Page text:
CBT and exercise. What CBT , what exercise and what type of interviews were conducted. Someone is playing attention to me so I have a feel good factor from someone playing attention.

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true on the last point - it even has a name - the Hawthorne effect—If a subject knows that he is being observed or being investigated, his behaviour and response can change.

From the very useful


Thanks for the reply.

Found Could not find the rest of the link. Could you repost it please.

The Hawthorne Effect is the process where human subjects of an experiment change their behaviour, simply because they are being studied.

I know the of the Hawthorne effect. There is another effect which is not the Hawthorne. Most young children want adults to pay attention to them because it makes them feel good. Adults have the same when a person of status pays attention to them.

There is a feel good factor which modifies one emotions for the better because someone is paying attention to our concerns and giving them credibility.

In the Hawthorne situation your employment could be on the line or your hoped for pay rise is on the line and there is an underlying better be more careful here. A slight increase of stress producing more appropriate behaviour for the bosses who employ you.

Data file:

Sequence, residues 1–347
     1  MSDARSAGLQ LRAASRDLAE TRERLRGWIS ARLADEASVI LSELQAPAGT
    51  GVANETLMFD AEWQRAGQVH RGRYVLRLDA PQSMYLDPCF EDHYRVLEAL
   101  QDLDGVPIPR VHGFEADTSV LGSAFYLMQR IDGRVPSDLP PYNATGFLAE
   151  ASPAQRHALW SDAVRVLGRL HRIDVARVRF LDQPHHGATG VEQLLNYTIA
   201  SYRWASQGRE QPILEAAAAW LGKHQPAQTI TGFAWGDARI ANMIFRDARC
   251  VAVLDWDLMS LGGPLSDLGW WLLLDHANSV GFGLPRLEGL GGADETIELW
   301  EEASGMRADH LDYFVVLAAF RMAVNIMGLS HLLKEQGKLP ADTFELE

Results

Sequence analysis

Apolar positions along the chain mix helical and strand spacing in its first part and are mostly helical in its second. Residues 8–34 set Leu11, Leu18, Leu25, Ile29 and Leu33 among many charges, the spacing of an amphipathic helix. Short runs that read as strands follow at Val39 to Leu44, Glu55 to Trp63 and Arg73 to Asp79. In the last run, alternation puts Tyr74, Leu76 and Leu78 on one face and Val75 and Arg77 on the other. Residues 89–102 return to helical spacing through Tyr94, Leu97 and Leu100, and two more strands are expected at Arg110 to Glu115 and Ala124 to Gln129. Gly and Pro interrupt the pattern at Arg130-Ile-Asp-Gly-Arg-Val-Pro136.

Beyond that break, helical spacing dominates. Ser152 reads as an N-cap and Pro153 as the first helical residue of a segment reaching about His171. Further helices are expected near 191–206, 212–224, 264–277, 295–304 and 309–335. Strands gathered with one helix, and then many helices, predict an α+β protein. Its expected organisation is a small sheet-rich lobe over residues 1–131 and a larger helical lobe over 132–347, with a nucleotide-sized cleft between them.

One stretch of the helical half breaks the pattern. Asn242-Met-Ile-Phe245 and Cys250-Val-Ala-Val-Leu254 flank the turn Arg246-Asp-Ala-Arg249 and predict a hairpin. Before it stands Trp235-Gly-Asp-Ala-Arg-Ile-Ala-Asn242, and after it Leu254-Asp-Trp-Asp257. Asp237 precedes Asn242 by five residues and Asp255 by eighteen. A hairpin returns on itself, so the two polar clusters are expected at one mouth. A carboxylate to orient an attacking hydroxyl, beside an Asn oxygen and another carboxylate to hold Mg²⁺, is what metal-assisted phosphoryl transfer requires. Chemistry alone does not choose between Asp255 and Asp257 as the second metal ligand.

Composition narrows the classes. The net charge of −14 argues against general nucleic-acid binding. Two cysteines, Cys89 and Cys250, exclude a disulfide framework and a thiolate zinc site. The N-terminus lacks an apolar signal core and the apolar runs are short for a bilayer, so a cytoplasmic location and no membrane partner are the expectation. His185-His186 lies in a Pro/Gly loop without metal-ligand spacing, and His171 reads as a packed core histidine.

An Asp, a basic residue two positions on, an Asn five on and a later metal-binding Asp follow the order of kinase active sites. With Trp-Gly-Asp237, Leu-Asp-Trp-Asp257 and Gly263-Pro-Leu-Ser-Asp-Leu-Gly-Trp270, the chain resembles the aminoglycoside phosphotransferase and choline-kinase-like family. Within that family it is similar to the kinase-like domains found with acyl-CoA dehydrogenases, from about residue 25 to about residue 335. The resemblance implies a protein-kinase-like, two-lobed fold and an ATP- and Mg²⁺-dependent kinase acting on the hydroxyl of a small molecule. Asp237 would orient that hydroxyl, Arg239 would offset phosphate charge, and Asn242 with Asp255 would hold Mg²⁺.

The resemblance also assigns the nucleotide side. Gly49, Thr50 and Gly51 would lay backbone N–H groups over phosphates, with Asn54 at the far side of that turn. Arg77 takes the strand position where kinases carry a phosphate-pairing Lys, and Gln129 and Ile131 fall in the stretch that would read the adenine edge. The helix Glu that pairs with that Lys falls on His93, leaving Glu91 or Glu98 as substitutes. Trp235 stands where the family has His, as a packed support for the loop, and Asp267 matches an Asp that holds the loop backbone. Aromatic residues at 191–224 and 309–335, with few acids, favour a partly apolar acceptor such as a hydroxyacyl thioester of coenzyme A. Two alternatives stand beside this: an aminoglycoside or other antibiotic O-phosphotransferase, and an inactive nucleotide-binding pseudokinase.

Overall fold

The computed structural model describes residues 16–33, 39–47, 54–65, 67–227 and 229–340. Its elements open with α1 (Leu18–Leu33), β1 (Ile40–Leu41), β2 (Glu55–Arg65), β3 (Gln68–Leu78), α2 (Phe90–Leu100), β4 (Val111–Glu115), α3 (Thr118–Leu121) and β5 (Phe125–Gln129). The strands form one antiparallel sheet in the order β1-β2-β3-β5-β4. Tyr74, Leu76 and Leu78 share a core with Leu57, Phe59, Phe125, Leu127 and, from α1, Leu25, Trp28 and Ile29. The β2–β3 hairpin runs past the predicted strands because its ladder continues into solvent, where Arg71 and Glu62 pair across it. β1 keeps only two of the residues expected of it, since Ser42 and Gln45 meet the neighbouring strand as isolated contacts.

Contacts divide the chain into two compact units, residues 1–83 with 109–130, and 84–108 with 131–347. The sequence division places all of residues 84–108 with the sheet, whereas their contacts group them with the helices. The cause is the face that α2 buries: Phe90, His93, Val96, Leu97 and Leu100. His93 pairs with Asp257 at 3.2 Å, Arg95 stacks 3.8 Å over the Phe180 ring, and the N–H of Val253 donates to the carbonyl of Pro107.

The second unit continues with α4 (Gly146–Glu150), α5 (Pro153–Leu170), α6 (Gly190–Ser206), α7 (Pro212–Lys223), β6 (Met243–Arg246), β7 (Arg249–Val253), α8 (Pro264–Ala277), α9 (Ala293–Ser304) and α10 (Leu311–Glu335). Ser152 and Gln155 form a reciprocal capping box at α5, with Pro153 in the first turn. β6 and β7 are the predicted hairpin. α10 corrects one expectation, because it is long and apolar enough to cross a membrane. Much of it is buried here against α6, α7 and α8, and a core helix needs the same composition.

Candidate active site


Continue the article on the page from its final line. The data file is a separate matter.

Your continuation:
The ACTIVE thyroid hormone is T3 - and required in EVERY cell of the body for a healthy metabolism. It is rarely tested when a GP suspects a thyroid issue. This is due to costs. They only test the TSH - or Thyroid Stimulating Hormone - which is a Pituitary hormone and not a good guide of what is happening at a cellular level. Sadly thousands of people are told they are NORMAL when in fact what they mean is they are in range. Hence they are diagnosed with other conditions like depression - CFS and so on.

Looking and listening to the patient has long gone in favour of the blood tests and their ranges. So before anyone receives a diagnosis for Fibro/CFS/ME they should have thorough testing for TSH - FT4 - FT3 and most importantly the thyroid anti-bodies - Anti-TPO and Anti-TG. Autoimmune Thyroid disease is the most common thyroid issue throughout the world - and STILL GP's are saying - we do not test, the treatment is the same - YIKES. NOT.

You also need OPTIMAL levels of VitD and B12 - also Ferritin and Folate. All are involved in a healthy metabolism - take care of the pennies and the pounds take care of themselves :-) Again people are told normal even when bumping along the bottom of the range. This is NOT good enough.